Person of day   -  6 NOVEMBER 2023



The main sensation of the Interzonal tournament of 1970 was the success of an unknown chess player Robert Hübner, who shared the 2nd and 4th places and won the right to compete in the Candidates Tournaments. In the very first match Hübner faced Tigran Petrosian, who, according to popular opinion, should have easily beaten the 23-year old German player. However, the struggle for victory turned out to be rigorous. The first six matches finished with draws, and only in the seventh match did Petrosian win a victory, after which Hübner…surrendered the match. Thus began his career in the world of big chess.

A philosopher and an eccentric, a doctor of philology and a polyglot who knew extinct languages, Robert Hübner was a continuation of the 20th century tradition, whereby chess players were not mere sportsmen, but also thinkers and philosophers. Like Euwe, he could easily be considered an “amateur” that could, nonetheless, compete with any professional.

Hübner repeatedly took part in the world championship. His greatest success came in 1979, when he split places 1-3 with Petrosian and Portisch in the inter-zonal competition. In the candidates’ tournament of 1979, he outplayed A. Adorjan (5,5:4,5) and L. Portisch (6,5:4,5) consecutively, but lost to Korchnoi in the final. He led the score but lost a rook, succumbed in the next two matches and gave up the contest. Nerves often let the talented grandmaster down. Hübner made an another attempt in 1983, but was knocked out in the quarter-finals of the candidates’ matches, this time…by lot. The match with Smyslov ended up as a draw, but the wheel of fortune favoured the former world champion.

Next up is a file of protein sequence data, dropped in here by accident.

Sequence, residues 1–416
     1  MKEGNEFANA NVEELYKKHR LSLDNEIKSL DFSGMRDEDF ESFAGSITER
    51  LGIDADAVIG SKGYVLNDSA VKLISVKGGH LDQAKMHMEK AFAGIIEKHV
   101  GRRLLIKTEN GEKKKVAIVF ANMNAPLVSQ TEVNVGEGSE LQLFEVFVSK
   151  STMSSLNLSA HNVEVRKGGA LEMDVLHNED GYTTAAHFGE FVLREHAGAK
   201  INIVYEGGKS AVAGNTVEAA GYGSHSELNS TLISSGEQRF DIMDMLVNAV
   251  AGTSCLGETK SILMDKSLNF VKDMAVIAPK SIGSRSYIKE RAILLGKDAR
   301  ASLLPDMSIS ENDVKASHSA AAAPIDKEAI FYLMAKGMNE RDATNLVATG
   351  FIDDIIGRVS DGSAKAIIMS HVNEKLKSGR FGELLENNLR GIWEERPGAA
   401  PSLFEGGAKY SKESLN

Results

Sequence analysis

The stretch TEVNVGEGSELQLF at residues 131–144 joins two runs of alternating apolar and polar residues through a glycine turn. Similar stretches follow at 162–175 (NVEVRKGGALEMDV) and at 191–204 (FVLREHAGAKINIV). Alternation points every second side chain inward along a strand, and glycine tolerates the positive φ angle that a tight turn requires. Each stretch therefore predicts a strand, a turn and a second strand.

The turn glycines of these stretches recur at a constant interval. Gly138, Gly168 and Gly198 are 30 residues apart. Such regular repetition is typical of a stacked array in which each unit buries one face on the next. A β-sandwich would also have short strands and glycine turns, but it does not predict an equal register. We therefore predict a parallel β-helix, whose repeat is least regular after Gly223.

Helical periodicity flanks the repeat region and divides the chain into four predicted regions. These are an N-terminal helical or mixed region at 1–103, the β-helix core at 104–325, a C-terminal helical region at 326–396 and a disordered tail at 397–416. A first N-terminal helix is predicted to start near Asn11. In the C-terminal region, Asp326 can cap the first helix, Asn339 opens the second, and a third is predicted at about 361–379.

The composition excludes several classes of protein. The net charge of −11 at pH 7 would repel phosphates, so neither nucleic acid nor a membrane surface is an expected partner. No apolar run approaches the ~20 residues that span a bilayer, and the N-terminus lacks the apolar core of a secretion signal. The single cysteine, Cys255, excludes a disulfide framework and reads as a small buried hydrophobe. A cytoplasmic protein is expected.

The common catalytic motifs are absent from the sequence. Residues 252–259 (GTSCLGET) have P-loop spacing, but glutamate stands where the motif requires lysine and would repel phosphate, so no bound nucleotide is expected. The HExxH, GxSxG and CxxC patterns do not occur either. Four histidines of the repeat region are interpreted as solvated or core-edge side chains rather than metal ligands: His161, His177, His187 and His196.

Dr. Hübner successfully competed in multiple international tournaments. On his count are victories in Oslo and Houston, Munich and Chicago, Biel, Linares and Solingen. As a member of the chess club “Solingen” he was the winner of the European club championship in 1976 and he performed in the world team against the USSR in 1984. As one of the strongest Western grandmasters, he led the German national team for many years. From time to time he still competes in tournaments to this day.

Hübner’s best matches are examples of subtle positioning and a combination of strategy and tactics that have entered the golden fund of the art of chess.